April 12, 2019

My plan with the 30x500 course

I recently enrolled in 30x500. It's a premium course that I've heard wonderful things about for years. This post is about my plan going into it.

Running their ideas in a virtual machine

One reason I enrolled in 30x500 despite its high price tag is that I disagreed with a lot of its highly opinionated stances. Given that I'd seen multiple people succeed in a big way after the course, this suggests that it likely contains some truth that I haven't incorporated into my model of the world. That's often a particularly fruitful opportunity for learning.

Sometimes it's difficult to fairly evaluate or learn from something you disagree with, so I my plan is to "run it in a VM". I'm going through the material and doing absolutely everything I can to follow and believe its instructions. In an early video, Amy Hoy talked about research about how writing notes by hand causes deeper processing of information than typing it does. I've read of similar studies that suggest cursive has even stronger benefits, so that's how I'm taking notes.

Rather than apply the lessons to my current project, which I wasn't 100% convinced met all the criteria for a "30x500" business, I chose a new topic and audience. Instead of writing my own content management system like I usually do or using Gatsby, which I kind of wanted to, I'm using WordPress. That's what the course suggested. At each opportunity, I'm doing or at least trying to do exactly what Amy and Alex are teaching.

Of course, I'm not going to abandon Alchemist Camp during this. I have a loyal audience that includes paying customers. I'm continuing that work at the same pace as before and building a 30x500 product on the side. Depending on how it goes, I'll take some or all of what I've learned "out of the VM" and apply it to other projects I work on.

The product I'm building is still targeted at devs NOT at entrepreneurs here on IH. What I'm writing here is my experience with the course, not marketing directed at you.

Working at a high intensity to get a win

I know courses like this aren't a race. However, I also know myself and how much better it is to be riding a wave of motivation than dragging myself along semi-willingly. And the way it works for me is that whatever I'm working on—exercising, studying, building something... whatever—if I can get a win, I get more motivated. So I'm going to try to close the loop as quickly as I can. Even a small win is big if it gives me energy to achieve the next step.

Another factor in this decision is that my semi-crippling repetitive stress injuries have slowly improved to where I can spend almost twice as much time at the computer as I could a year ago. Using chopsticks with my right hand usually doesn't hurt anymore either. This means I can push pretty hard, but of course I'll back off if the condition starts getting worse.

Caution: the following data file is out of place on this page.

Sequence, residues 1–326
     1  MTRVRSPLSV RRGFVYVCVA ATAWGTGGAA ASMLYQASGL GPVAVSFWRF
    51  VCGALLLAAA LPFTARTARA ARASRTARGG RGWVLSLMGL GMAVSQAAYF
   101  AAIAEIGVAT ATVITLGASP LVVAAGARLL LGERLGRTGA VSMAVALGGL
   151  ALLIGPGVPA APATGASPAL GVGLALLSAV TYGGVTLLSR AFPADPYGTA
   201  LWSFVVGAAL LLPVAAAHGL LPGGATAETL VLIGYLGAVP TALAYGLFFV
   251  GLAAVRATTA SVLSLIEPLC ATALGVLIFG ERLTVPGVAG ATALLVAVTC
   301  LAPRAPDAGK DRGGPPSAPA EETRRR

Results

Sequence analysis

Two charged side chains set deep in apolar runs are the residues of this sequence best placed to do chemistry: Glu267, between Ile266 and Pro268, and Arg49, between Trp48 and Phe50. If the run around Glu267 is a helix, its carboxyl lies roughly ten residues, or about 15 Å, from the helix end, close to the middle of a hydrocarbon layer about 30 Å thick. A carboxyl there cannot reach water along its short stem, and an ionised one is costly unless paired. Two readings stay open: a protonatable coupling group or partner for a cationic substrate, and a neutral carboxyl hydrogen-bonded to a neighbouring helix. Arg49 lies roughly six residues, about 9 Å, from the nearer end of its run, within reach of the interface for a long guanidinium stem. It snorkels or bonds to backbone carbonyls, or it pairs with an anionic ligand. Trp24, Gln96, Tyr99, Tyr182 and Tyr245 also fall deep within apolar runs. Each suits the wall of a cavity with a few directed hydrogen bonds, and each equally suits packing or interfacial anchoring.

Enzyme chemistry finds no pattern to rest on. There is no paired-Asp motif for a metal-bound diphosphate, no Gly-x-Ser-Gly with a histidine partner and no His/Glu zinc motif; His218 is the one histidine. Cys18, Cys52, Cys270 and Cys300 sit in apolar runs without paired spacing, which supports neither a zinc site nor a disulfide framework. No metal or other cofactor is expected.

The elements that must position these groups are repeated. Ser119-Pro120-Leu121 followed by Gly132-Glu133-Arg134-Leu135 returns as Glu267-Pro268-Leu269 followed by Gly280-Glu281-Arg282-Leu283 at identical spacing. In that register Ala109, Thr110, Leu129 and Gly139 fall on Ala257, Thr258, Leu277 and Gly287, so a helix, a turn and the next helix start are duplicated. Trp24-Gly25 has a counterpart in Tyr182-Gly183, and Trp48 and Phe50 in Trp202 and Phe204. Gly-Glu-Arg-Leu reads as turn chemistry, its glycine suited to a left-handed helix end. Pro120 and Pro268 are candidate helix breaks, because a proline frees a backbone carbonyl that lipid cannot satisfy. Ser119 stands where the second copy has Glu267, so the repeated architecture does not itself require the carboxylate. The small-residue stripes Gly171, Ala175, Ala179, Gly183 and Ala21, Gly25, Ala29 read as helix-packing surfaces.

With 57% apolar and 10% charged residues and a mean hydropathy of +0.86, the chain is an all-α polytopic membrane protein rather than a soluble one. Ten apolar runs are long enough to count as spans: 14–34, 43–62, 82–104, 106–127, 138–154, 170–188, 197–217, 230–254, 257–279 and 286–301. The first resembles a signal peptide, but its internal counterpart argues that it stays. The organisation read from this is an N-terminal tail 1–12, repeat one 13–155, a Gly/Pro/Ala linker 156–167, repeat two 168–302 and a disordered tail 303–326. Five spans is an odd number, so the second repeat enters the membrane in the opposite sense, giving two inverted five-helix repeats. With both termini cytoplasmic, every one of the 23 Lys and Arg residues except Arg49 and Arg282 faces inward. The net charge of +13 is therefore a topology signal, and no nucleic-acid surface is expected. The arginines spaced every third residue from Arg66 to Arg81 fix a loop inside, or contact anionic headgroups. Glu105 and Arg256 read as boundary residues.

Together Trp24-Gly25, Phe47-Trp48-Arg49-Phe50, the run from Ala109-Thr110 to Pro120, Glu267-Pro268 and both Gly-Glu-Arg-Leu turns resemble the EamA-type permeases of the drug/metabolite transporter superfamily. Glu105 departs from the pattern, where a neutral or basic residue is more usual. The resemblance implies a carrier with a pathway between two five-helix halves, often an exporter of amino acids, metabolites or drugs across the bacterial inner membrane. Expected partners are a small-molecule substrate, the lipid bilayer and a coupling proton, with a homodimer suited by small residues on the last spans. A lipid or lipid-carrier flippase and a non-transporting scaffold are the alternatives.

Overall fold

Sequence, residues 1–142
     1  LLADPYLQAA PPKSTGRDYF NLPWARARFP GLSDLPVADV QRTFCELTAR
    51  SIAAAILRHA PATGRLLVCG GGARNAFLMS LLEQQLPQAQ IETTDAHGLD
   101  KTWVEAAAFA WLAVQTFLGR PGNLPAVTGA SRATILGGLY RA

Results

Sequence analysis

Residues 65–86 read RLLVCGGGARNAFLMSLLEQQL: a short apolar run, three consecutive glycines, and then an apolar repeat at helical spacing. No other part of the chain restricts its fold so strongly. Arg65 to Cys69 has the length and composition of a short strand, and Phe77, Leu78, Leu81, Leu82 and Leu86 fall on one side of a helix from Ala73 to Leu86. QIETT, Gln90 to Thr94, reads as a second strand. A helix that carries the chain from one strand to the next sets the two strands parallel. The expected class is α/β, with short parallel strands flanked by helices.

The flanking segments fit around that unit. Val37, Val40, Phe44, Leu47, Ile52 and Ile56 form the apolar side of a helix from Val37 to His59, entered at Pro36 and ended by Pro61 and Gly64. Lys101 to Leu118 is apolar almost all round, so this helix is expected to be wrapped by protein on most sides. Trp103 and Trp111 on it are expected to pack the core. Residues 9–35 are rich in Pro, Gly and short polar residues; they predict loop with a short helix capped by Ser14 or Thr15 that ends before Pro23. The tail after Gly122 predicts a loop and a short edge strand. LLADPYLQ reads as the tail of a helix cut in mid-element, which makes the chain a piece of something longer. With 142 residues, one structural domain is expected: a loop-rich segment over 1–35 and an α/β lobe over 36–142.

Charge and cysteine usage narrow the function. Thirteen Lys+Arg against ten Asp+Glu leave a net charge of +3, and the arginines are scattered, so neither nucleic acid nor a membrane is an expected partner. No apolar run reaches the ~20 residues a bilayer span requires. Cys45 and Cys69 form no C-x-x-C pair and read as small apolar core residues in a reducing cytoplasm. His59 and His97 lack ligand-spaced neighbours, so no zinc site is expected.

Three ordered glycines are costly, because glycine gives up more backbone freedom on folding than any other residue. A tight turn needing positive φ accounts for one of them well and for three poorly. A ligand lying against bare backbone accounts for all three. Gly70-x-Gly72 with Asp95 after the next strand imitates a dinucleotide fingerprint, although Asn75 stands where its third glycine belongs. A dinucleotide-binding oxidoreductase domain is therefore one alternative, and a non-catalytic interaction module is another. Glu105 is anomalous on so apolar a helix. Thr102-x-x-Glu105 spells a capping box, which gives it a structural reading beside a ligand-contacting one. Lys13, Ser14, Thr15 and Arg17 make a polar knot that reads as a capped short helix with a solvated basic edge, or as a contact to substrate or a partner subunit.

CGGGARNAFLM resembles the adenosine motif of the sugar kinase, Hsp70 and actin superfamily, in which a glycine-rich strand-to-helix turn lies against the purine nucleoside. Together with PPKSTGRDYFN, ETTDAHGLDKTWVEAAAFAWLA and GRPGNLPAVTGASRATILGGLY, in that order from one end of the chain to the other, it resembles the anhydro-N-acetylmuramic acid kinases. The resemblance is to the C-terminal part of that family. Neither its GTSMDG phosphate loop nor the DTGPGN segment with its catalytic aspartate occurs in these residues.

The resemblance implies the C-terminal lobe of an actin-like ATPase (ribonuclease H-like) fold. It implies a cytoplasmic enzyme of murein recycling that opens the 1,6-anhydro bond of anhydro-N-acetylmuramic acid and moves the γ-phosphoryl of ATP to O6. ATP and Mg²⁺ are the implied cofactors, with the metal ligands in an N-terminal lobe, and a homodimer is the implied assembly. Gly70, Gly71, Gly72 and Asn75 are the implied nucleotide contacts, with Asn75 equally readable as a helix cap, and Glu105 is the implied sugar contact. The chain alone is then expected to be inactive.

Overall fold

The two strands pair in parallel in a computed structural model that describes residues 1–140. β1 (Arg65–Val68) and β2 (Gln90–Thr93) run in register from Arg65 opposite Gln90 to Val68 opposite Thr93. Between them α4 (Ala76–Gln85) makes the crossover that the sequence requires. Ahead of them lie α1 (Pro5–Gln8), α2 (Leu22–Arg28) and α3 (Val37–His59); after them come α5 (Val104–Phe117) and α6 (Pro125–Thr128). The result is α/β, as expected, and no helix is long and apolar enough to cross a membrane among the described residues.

So far, the course is exceeding my expectations. There's some overlap with what it's teaching and what I've already been doing, but there are some big differences, too. It's more systematic than I'd expected, even for a premium course and so far, it's improved my ability to analyze a forum thread even after just a few days.

My tentative goal is get content marketing going in earnest and attract 100 email subscribers by the end of the month.

#30x500 #progress-update #learning

  1. 3

    Hey, @alchemist thanks for sharing your progress.

    Can you share what your product is going to be e-book, course, ... ?

    1. 2

      My first product is going to be something small, probably a short ebook.

  2. 3

    Thanks for these reviews. Love it. What have you found most surprising? What do you agree with?

    1. 2

      Most surprising to me is that they're suggesting writing very specific fixes to very narrow topics in their "educational bombs". I've generally leaned towards 3,000+ plus blog posts that cover all kinds of related topics.

      One thing I've agreed with long before starting was doing a tiny product first. This fits with the idea I've shared here earlier about how being prolific leads to excellence. (re: the pottery instructor example from What if Leopold didn't have a piano)

      1. 1

        I googled 'What if Leopold didn't have a piano' is it an article or book?

        1. 1

          It was a speech by Bill Buxton that's now ungoogleable, but he's still got a PDF summary on his site: https://www.billbuxton.com/leopold.pdf

  3. 2

    Are you finding the course worth it so far? What's been the biggest lesson?

    1. 1

      It's only been a few days, so it's too early to have been worth it yet. I'm more than satisfied with both the quality and the novelty so far, though!

      The biggest lesson so far has been the forum thread analysis practice and how much practice it takes! I have no idea why, but I've previously treated audience study as something you "just do" rather than as a skill you build.

  4. 1

    Hey @alchemist! Wanted to start this thread up again and see how things have been going the past 3 months. I'm thinking about signing up next week when they open waitlist enrollment.

    1. 2

      It takes work, but I've learned some very useful things about researching my customers. I've only just recently started applying the course to Alchemist Camp since I wanted to experiment with a new audience before the ongoing business.

      I'm about 70% through the course material, so far and I'm pretty confident I'll get a positive ROI from it.